Getting A Chronic Fatigue Syndrome Diagnosis
Getting a chronic fatigue syndrome diagnosis is sometimes difficult because despite all the evidence, some doctors still do not accept that CFS is a real disease. They may think that you are depressed (especially if you have become depressed as a result of being so inactive for so long) or even that you are claiming non-existent symptoms to try to get insurance or welfare payments.
However, chronic fatigue syndrome diagnosis criteria have now been established in most countries and by the World Health Organization, so if you persist, perhaps changing your doctor if necessary, you should eventually be able to get some help. When you talk to doctors, it helps if you focus on the physical symptoms and emphasize that your anxiety or depression, if you have them, only started after the fatigue and as a result of it – assuming that this is true.
If the reverse is true, and the fatigue is a result of the depression, then a chronic fatigue syndrome diagnosis is probably not appropriate in your case and your symptoms would likely disappear with anti-depressant medication. So it’s important to have the correct diagnosis.
Chronic Fatigue Syndrome Diagnosis: The Criteria
At present, CFS can only be diagnosed by exclusion. This means that a chronic fatigue syndrome diagnosis is reached by considering all the symptoms and then ruling out other possible causes of them.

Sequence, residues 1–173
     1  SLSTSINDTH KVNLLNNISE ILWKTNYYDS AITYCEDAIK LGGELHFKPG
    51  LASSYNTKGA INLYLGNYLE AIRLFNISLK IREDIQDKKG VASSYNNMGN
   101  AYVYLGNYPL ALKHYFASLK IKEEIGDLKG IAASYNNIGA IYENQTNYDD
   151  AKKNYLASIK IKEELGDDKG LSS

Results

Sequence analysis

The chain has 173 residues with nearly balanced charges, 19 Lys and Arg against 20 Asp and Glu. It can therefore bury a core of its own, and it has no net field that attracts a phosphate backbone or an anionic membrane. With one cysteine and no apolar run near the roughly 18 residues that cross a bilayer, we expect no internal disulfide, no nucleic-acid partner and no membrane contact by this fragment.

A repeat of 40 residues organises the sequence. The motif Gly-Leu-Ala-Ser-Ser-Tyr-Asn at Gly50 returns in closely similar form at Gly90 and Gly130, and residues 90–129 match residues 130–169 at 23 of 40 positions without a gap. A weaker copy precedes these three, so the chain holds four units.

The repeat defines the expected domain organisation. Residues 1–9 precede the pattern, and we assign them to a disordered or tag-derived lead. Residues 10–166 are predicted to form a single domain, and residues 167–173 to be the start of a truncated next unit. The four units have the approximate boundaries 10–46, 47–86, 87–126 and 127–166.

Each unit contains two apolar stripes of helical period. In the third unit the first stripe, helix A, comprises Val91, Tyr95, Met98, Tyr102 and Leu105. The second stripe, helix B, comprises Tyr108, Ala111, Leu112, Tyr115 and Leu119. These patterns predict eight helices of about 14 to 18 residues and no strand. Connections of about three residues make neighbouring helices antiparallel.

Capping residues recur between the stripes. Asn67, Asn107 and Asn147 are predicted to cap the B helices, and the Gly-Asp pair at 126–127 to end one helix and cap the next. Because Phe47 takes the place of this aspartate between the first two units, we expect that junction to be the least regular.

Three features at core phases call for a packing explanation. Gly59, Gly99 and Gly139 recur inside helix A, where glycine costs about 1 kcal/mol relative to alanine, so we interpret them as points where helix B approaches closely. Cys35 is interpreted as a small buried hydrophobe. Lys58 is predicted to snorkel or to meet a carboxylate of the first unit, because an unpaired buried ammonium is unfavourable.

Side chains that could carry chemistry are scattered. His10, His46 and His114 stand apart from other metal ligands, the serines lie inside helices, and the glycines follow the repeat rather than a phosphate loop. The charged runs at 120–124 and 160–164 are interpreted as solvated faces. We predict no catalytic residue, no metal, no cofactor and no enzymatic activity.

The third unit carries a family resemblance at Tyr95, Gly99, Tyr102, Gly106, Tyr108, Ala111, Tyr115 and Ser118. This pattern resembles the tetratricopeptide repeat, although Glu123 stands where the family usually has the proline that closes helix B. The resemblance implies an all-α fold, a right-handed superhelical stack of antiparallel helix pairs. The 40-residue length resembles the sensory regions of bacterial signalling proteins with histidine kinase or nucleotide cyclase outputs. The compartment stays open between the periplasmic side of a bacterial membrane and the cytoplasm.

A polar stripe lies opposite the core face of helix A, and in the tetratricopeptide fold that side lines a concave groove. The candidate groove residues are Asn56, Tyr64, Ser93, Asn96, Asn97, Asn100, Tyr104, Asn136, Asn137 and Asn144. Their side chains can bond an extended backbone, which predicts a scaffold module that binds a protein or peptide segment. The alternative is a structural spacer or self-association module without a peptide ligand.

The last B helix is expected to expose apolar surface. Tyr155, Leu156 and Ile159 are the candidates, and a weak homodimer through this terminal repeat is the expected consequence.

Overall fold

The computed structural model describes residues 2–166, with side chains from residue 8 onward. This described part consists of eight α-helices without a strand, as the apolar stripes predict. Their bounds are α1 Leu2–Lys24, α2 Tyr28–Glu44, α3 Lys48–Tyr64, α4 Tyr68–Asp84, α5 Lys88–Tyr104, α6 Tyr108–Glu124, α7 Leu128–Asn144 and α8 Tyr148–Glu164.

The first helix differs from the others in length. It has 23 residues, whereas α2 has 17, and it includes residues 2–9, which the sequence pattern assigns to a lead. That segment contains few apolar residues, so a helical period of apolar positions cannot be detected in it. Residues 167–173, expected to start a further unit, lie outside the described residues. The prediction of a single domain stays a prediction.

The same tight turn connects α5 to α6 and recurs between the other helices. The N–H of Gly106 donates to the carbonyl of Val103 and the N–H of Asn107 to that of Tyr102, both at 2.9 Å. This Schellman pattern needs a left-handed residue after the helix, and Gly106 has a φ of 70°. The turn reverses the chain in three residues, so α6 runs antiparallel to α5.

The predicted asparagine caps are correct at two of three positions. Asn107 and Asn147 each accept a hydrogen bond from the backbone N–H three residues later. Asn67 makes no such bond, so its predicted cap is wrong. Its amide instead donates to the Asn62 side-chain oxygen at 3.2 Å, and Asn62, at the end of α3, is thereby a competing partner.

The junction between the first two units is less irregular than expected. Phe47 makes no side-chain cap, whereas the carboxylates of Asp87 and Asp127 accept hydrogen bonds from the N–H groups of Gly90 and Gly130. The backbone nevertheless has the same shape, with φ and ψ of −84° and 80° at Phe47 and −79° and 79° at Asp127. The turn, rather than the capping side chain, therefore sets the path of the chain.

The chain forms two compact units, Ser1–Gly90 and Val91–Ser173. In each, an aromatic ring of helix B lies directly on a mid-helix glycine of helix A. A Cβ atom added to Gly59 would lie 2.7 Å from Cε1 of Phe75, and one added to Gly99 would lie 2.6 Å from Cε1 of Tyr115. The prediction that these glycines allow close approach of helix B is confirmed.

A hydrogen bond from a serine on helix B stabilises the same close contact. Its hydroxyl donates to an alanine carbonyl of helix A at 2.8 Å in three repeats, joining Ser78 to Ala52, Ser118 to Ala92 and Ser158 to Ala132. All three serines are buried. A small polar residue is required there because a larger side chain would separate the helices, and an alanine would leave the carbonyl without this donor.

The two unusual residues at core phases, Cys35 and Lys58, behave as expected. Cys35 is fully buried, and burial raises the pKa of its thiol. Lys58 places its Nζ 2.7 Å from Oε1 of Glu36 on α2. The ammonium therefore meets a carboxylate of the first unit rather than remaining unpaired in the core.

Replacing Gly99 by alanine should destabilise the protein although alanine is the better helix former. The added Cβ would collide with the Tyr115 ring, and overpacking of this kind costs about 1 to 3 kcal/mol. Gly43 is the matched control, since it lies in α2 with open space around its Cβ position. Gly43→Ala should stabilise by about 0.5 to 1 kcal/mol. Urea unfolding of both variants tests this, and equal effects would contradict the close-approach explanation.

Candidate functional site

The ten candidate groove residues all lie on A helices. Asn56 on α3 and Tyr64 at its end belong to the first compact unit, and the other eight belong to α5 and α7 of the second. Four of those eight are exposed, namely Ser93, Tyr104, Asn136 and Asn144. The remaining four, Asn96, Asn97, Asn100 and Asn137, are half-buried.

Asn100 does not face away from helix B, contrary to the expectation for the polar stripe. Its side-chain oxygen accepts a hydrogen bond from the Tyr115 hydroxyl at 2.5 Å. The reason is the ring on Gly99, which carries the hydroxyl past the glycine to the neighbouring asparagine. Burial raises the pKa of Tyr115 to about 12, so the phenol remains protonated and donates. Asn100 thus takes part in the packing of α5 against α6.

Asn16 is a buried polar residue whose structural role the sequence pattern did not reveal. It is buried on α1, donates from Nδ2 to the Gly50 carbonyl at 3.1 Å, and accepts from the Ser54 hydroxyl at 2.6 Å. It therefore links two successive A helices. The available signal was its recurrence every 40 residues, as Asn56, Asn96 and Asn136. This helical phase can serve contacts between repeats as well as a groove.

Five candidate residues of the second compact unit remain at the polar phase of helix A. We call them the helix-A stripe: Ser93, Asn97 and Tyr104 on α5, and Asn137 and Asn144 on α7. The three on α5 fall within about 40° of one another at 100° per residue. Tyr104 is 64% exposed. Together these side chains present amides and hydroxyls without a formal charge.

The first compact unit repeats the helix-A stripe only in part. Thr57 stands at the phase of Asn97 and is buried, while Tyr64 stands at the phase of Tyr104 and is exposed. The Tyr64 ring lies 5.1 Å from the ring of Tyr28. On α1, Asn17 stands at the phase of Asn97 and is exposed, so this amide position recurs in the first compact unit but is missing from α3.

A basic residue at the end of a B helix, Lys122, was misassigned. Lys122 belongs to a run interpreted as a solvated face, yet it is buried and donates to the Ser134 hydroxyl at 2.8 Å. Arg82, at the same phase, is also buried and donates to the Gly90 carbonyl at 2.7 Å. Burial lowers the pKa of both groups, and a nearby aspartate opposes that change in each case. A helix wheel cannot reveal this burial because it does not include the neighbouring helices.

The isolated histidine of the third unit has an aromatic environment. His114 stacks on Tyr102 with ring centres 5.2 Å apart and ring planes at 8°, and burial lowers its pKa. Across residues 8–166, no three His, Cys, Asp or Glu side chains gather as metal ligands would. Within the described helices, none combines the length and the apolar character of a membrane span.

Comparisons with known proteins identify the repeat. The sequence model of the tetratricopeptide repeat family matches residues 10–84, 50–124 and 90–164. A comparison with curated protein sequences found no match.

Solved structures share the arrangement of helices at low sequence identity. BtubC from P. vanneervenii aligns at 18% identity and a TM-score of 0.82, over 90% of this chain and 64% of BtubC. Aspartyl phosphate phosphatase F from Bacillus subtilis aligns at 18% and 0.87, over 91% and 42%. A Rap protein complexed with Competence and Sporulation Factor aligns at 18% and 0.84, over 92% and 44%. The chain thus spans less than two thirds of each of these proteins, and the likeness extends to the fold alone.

In most cases this involves blood tests. The doctor will be looking for evidence of diseases and conditions that can cause similar symptoms, such as anemia, tuberculosis, mononucleosis, multiple sclerosis etc. You may also be given an electrocardiograph (ECG) to test your heart function, a brain scan, x-rays and other tests. If everything comes back negative and you have the symptoms of chronic fatigue syndrome (see separate article) then you will likely be diagnosed with CFS.
After A Chronic Fatigue Syndrome Diagnosis
After you have been given a diagnosis of chronic fatigue syndrome (which may also be called post-viral fatigue syndrome or ME) you will probably be given some guidance on how to manage it. Usually this involves setting a routine with plenty of rest so that you do not do too much even on days when you feel better.
It is important to consider emotional aspects too. Chronic fatigue syndrome is a disease that varies hugely in severity from person to person and in many cases, from day to day. If you have it mildly you will probably have heard that it could be much worse. That can make us afraid and anxious. Stress is one of the triggers of bouts of fatigue so it’s important not to let that get to you. Meditation and relaxation can help here.
If you have it more severely and are bedbound or housebound you may feel that people who are more active don’t really have what you have – but they do. Try to see it more positively and remind yourself that soon you too might be able to take exercise or work part-time. Recovery is not ‘all or nothing’ – it is possible to have a chronic fatigue syndrome diagnosis and still be more active than you are now, even without finding a complete cure.
Related terms: Chronic Fatigue Syndrome Diet, Chronic Fatigue Syndrome Treatment, Chronic Fatigue and Thyroid, Chronic Fatigue Symptoms, Chronic Fatigue Relief, Chronic Fatigue Immune Dysfunction Syndrome, Fatigue in Women, Fibromyalgia Chronic Fatigue